Pathogens in patients with granulomatous lobular mastitis

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Objective: Granulomatous lobular mastitis (GLM) is a rare inflammatory disease of the breast that clinically mimics breast cancer. However, its etiology is not completely defined. The purpose of this study was to systematically study the bacteriology of GLM using advanced detection technology. Methods: Paraffin-embedded tissue from patients with GLM was collected. DNA was extracted from the samples and analyzed using next-generation sequencing (NGS) technology, and the data were processed using bioinformatics analyses. Results: A total of 40 patients were recruited into the study. A bioinformatics analysis revealed that a total of 17 genera or 19 species of pathogens were present in 39 of the GLM patients (97.5%). These included bacteria, fungi, and Mycobacterium tuberculosis complex group. Bacteria were found in 39 of the patient cases, while fungi were present in five. Only one case tested positive for M. tuberculosis complex. In addition, a single genus of pathogen was found in nine patients (23.1%), whereas 30 patients (76.9%) tested positive for multiple pathogens. Conclusions: This study profiled the microbiota of patients with GLM using NGS technology, which provides more useful information for establishing patient treatment plans.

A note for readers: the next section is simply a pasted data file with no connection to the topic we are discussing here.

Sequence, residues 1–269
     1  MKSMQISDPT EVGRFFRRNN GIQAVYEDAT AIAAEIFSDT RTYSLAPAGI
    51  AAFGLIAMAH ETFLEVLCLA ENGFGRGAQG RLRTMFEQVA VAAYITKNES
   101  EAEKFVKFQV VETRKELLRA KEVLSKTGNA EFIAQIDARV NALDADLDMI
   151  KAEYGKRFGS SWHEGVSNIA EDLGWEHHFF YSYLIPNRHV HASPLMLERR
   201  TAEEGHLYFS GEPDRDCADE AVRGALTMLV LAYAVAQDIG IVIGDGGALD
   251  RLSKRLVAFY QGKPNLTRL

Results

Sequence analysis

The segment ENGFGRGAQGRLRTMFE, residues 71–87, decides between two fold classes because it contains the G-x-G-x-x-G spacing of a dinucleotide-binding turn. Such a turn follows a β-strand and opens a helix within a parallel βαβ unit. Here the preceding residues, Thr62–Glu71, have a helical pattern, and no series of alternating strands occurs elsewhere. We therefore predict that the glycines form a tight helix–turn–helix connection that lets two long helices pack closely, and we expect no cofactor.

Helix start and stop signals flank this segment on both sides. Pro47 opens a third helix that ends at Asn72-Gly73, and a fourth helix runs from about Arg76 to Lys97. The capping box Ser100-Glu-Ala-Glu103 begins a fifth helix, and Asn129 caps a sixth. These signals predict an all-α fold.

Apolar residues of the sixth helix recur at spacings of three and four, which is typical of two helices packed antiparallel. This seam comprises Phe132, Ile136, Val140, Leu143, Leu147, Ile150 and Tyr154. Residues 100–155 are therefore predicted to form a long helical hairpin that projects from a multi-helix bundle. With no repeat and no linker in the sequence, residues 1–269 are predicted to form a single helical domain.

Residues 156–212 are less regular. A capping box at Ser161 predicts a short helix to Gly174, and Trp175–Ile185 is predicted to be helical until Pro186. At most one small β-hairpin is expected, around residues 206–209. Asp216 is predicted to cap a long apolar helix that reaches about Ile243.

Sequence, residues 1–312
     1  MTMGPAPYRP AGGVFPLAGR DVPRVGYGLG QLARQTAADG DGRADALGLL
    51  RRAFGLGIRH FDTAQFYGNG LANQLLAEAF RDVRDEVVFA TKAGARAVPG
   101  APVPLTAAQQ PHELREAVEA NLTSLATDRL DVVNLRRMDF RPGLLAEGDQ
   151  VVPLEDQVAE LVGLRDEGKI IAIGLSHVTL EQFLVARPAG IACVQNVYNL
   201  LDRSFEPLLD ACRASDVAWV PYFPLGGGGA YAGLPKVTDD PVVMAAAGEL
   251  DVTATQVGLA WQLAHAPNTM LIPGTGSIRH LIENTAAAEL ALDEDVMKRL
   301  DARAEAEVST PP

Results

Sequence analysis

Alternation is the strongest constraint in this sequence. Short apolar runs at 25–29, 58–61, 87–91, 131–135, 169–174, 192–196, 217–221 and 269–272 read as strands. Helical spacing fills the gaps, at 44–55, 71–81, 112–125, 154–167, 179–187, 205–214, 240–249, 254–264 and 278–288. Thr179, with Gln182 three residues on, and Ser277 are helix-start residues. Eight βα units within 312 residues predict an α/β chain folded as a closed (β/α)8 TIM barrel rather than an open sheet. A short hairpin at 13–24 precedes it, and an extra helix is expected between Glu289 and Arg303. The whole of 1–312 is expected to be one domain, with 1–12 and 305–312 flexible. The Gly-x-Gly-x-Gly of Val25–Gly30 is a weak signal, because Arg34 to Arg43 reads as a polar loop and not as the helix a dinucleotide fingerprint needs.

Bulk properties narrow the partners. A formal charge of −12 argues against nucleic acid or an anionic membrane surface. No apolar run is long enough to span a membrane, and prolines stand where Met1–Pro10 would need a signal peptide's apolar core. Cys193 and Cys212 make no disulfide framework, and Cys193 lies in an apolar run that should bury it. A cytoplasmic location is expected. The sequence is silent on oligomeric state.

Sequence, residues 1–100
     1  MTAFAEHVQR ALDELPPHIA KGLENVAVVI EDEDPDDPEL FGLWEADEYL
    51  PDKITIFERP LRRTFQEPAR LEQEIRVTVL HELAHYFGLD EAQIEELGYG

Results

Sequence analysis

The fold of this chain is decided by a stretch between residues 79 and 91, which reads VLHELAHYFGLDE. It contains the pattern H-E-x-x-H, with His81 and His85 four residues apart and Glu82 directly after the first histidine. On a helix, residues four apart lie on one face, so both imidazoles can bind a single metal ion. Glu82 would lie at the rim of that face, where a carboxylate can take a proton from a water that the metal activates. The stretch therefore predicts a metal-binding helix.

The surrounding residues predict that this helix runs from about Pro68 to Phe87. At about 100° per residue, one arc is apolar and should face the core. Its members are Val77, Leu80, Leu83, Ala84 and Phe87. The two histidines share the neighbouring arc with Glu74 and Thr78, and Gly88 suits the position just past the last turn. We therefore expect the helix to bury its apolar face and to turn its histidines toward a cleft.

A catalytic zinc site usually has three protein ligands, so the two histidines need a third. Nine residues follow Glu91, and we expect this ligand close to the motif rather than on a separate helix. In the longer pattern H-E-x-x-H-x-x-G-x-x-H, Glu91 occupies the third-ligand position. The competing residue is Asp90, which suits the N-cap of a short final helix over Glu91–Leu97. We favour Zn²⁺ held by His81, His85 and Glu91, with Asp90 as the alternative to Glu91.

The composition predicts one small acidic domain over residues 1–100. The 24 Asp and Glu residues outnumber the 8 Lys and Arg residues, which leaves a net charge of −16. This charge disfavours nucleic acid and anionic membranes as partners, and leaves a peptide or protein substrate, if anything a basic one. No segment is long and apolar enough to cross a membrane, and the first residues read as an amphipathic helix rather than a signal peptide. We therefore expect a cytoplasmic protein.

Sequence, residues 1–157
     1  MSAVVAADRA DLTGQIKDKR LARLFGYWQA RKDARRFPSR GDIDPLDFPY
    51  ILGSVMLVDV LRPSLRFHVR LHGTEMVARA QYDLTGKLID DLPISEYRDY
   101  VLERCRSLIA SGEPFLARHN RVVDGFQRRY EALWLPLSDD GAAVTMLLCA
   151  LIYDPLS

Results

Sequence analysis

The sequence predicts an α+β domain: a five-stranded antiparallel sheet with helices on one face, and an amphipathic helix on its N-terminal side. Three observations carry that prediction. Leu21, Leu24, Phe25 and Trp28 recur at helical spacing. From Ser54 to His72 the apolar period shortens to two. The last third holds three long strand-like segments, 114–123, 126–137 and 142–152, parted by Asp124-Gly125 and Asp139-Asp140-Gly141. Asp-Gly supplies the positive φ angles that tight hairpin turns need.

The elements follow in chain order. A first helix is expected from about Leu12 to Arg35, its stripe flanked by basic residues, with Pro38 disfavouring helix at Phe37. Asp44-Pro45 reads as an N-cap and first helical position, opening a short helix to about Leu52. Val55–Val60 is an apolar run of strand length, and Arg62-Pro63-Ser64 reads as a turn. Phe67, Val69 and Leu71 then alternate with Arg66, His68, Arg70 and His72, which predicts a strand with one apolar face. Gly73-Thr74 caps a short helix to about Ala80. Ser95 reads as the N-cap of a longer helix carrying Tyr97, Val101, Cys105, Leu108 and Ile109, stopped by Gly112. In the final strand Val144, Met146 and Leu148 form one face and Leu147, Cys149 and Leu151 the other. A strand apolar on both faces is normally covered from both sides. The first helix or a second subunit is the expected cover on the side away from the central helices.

Wang, J., Xu, H., Li, Z., Li, F., Yang, Y., Yu, X., … Shao, M. (2019). Pathogens in patients with granulomatous lobular mastitis. International Journal of Infectious Diseases, 81, 123–127.

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